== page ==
# Vertical Projectile with linear air drag

If a spherical ball of mass $$m$$ is thrown upwards with an initial velocity $$v_0$$ and it experiences linear drag, how do we come up with expressions for $$v(t)$$ using Newton's second law (taking up as the positive direction)?

During the ball's upward motion, the equation of motion can be given by:

$$m\dot{\vec{v_y}}=m\vec{g}+\vec{f}$$

Where $$\vec{f}$$ is the force due to air resistance.

$$\implies m\dot{v_y}\hat{y}=mg\hat{g}+f(v)\hat{f}$$

Now, here, we know that $$\hat{g}=-\hat{y}$$ and $$\hat{f}=-\hat{v}=-\hat{y}$$

$$\implies m\dot{v_y}\hat{y}=-mg\hat{y}-f(v)\hat{y}$$

Now, since we are dealing with linear drag, we have $$f(v)=bv$$:

$$\implies m\dot{v_y}=-mg-bv$$

During the ball's downward motion, the equation of motion can be given by:

$$m\dot{v_y}\hat{y}=mg\hat{g}+f(v)\hat{f}$$

Now, here, we know that $$\hat{g}=-\hat{y}$$ and $$\hat{f}=-\hat{v}=\hat{y}$$

$$\implies m\dot{v_y}\hat{y}=-mg\hat{y}+f(v)\hat{y}$$

$$\implies m\dot{v_y}=-mg+bv$$

That is, I am getting two different equations when considering the upward and downward motion of the ball (given that the upward direction is positive). How do I come up with a formula for $$v(t)$$ in such a scenario?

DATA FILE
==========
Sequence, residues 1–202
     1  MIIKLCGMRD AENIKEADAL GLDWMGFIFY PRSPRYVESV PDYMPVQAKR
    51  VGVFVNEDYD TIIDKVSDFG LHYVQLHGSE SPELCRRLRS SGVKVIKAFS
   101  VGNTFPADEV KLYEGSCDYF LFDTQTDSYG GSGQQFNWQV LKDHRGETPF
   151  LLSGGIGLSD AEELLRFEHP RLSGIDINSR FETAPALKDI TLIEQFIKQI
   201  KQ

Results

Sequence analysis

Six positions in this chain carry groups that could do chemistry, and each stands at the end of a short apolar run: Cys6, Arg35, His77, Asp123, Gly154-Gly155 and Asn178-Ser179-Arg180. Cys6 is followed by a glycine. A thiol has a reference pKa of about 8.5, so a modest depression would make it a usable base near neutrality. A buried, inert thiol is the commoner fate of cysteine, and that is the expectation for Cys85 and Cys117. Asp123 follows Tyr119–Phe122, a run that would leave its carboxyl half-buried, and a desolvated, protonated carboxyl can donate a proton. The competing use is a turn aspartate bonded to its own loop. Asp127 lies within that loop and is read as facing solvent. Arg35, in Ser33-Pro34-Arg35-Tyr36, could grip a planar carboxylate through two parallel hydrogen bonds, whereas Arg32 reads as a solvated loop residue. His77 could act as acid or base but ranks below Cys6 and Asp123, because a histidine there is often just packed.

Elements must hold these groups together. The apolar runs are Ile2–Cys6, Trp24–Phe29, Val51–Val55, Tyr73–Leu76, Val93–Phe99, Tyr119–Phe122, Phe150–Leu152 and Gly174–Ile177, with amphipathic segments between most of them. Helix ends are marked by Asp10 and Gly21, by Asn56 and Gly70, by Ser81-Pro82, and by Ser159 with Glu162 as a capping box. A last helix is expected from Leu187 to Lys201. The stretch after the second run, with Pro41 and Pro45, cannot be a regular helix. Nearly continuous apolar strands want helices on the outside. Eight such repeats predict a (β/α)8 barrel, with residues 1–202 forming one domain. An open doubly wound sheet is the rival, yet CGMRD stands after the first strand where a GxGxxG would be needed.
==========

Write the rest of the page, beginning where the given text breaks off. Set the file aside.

For context, I am self studying classical mechanics from the book - 'Classical Mechanics' by John R. Taylor.

For differential equations, you should avoid thinking in terms of vector norms. The ODE in terms of vectors is: $$m\frac{d\vec v}{dt} = m\vec g+\vec f\\ \vec f = -\alpha \vec v$$ with $$\alpha>0$$ the linear friction coefficient. Projecting in a direction, say $$z$$ you get: $$m\dot v_z = mg_z-\alpha v_z\\$$ The equation is the same no matter the direction of projection, whether it is $$+e_z$$ or $$-e_z$$ which differ by a global sign in the equation which is canceled out.
If you really want to think in terms of norm, then you need to assume that all three vectors are collinear (true iff it is the case in the initial condition). You made a sign mistake in your analysis. When the ball is going up, gravity points down and friction as well so: $$m\dot v = -mg-\alpha v$$ When the ball is going down, so is gravity, but friction is pointing up: $$m\dot v = mg-\alpha v$$ This is consistent with the previous projection analysis. Btw, you know the relative sign of acceleration and friction force since it must damp the motion.